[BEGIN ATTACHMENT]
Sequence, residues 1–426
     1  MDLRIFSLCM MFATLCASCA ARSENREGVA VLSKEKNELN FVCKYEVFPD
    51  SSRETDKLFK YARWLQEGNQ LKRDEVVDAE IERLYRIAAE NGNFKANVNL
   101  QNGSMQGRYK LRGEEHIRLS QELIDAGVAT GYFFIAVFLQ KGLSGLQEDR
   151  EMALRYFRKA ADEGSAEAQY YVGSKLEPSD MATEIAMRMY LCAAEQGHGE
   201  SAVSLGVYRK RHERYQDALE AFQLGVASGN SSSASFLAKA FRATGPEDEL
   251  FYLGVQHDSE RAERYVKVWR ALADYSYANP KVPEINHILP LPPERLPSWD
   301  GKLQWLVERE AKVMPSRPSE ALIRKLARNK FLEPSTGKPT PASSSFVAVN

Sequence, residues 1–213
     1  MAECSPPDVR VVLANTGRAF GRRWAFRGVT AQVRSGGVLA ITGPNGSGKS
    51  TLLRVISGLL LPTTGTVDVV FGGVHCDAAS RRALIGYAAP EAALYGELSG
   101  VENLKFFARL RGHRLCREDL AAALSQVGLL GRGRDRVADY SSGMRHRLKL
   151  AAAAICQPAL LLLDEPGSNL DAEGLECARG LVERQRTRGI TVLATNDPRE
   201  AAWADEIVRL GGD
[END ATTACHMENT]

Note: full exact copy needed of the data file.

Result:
Sequence, residues 1–426
     1  MDLRIFSLCM MFATLCASCA ARSENREGVA VLSKEKNELN FVCKYEVFPD
    51  SSRETDKLFK YARWLQEGNQ LKRDEVVDAE IERLYRIAAE NGNFKANVNL
   101  QNGSMQGRYK LRGEEHIRLS QELIDAGVAT GYFFIAVFLQ KGLSGLQEDR
   151  EMALRYFRKA ADEGSAEAQY YVGSKLEPSD MATEIAMRMY LCAAEQGHGE
   201  SAVSLGVYRK RHERYQDALE AFQLGVASGN SSSASFLAKA FRATGPEDEL
   251  FYLGVQHDSE RAERYVKVWR ALADYSYANP KVPEINHILP LPPERLPSWD
   301  GKLQWLVERE AKVMPSRPSE ALIRKLARNK FLEPSTGKPT PASSSFVAVN

Sequence, residues 1–213
     1  MAECSPPDVR VVLANTGRAF GRRWAFRGVT AQVRSGGVLA ITGPNGSGKS
    51  TLLRVISGLL LPTTGTVDVV FGGVHCDAAS RRALIGYAAP EAALYGELSG
   101  VENLKFFARL RGHRLCREDL AAALSQVGLL GRGRDRVADY SSGMRHRLKL
   151  AAAAICQPAL LLLDEPGSNL DAEGLECARG LVERQRTRGI TVLATNDPRE
   201  AAWADEIVRL GGD